Finance new equipment. Sometimes, your team is big enough, and your location size is sufficient, but your equipment needs an upgrade. For example, a restaurant could meet customer demands better with a new oven, or a manufacturing business could increase production with higher-capacity machinery.
Launch a new product. If you started your business with just one or two products and found a good market for them, your business might benefit from adding a new one to the line. Expanding a product line can be expensive, though. You’ll need to invest in research and development, pay for material and manufacturing costs, and so on. A business expansion loan can help you afford those costs without draining your retained earnings.
Expand to a new market. Say you’ve found success with your current product or service, but the current market you’re in is saturated or you see a new market with less competition. An expansion loan can help you cover the costs associated with that jump to a new market.
Understand your motivation. Just because you can borrow money for your business doesn’t mean you should.
“You need to recognize why you’re expanding,” says Fleming. “Are you expanding just for the sake of expansion? Some people do that, where they run before they walk.”
It’s important to be honest with yourself about why you want to grow your business. If you don’t feel like you have a handle on things as they stand, expanding could cause you to lose control entirely.
Do the math. While a business expansion loan may be easier to get than a startup loan, you’ll still need to provide lenders with a good reason to give you the money. This means that your expansion idea needs to be profitable. If you’re looking to expand to a new location, for instance, start looking at potential options. Price it out, and consider all of the costs involved. Do the process for a few different locations in case your top option falls through. Then run the numbers for how much a new location would boost your bottom line to make sure the return on investment is worth it.
Make sure you can manage the growth. Even if your expansion idea is profitable, be clear about how you’re going to manage your new product line, location or team. If you’re the only business owner, you may need to bring in a partner or hire someone with management skills to avoid putting the full burden on yourself.
What You’ll Need to Apply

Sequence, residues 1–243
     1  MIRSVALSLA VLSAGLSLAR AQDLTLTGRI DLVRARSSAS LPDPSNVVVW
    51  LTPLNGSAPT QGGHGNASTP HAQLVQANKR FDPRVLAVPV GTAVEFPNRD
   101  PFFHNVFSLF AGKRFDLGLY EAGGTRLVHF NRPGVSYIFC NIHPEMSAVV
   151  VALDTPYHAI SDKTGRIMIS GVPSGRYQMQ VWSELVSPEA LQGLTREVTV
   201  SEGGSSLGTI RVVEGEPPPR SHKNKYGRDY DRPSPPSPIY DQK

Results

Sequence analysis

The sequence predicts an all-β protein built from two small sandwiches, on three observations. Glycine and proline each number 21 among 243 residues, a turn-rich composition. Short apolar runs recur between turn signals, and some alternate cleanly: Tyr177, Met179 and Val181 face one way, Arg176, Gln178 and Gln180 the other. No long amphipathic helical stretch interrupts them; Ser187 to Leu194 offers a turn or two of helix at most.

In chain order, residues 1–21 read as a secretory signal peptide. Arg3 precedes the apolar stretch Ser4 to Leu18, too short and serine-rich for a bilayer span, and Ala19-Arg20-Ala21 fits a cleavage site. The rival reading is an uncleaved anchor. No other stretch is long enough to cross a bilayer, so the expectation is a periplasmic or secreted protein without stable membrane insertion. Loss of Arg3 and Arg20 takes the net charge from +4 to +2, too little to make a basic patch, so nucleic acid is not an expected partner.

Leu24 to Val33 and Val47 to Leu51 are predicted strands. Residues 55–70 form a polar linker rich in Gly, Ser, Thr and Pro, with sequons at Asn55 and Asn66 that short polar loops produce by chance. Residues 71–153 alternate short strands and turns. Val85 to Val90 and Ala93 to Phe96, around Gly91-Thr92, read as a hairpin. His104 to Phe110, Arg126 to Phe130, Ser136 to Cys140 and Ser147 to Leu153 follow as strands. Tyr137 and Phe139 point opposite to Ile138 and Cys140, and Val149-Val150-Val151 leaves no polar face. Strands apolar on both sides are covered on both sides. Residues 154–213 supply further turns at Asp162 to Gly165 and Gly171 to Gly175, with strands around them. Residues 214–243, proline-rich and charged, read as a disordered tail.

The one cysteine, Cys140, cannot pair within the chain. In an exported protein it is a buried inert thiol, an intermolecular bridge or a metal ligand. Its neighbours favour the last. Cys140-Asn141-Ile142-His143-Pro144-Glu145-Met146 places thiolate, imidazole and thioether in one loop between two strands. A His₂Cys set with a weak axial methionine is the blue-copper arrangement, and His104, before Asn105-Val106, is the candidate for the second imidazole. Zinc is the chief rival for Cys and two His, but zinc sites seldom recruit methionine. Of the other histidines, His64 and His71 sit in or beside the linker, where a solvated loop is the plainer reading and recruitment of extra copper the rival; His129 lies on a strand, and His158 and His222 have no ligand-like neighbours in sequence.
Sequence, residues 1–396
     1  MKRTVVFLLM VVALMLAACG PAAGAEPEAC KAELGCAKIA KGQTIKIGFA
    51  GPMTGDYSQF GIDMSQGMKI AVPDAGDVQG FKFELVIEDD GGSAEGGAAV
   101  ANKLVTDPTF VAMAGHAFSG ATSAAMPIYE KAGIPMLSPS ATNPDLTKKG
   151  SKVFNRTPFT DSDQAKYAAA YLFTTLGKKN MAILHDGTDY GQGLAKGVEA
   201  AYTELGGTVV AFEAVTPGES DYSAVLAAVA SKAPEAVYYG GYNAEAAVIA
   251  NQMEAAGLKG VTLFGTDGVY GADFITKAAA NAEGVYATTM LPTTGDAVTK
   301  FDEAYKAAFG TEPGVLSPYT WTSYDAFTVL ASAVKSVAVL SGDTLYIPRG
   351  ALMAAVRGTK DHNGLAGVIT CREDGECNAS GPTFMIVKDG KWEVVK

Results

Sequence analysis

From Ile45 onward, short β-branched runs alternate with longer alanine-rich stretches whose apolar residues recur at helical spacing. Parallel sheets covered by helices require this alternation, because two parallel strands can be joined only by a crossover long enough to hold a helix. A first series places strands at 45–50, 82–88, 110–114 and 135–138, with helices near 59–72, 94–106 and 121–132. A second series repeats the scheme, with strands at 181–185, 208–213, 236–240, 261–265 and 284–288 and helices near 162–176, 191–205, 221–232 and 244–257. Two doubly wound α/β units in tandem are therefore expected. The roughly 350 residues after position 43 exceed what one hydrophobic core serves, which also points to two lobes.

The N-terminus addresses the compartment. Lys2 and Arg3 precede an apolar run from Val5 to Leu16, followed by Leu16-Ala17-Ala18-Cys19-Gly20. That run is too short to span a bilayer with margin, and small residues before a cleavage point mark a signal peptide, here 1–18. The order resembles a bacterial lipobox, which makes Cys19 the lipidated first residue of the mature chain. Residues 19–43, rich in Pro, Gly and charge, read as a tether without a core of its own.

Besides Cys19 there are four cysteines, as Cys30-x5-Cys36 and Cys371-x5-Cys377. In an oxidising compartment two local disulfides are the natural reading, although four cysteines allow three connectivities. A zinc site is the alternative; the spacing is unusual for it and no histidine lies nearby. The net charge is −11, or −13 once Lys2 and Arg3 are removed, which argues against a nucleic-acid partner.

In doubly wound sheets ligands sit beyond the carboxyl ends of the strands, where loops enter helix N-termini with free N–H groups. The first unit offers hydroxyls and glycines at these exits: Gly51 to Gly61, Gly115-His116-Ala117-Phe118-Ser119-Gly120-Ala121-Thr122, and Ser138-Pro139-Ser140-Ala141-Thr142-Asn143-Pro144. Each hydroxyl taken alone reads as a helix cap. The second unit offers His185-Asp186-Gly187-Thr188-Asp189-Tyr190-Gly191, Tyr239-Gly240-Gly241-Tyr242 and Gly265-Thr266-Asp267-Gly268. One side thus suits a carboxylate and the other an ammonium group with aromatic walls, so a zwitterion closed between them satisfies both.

Once you’ve done your due diligence, the next step is to get your plans and documents together to apply for a small business expansion loan.
Here’s a quick summary of what you should have ready to go before you apply:
Tax returns: You’ll typically need to submit your personal and business tax returns for the past three years. These provide the lender with an idea of whether your company has a good track record of profitability.
Financial statements: This may include your balance sheet, income statement and cash flow statement. It shows lenders the state of your business. “Lenders are going to want to make sure [you have] sufficient cash flow to cover any new debt payments,” says Patrick O’Keefe, CEO of Grow Michigan, a fund established by a group of banks to help Michigan-based small businesses.
Business plan: Share some details about your business, how you plan to use the funds and how you’ll make it profitable.
Collateral: Even with an established business, lenders may require collateral to protect themselves against default. Consider which tangible business assets you could use to secure the loan.
Business credit report: If you’ve established a good credit history for your business, it can improve your chances of getting approved. If your business credit is poor, though, or you haven’t established a credit history, you may have a hard time securing a loan.
Legal documents: Lenders may require various legal documents for your business, such as your business license, articles of incorporation, third-party contracts, franchise agreements and commercial leases.
Where to Go for a Small Business Expansion Loan
There’s no shortage of small business lenders, so it’s important to know what your options are and the benefits and drawbacks of each.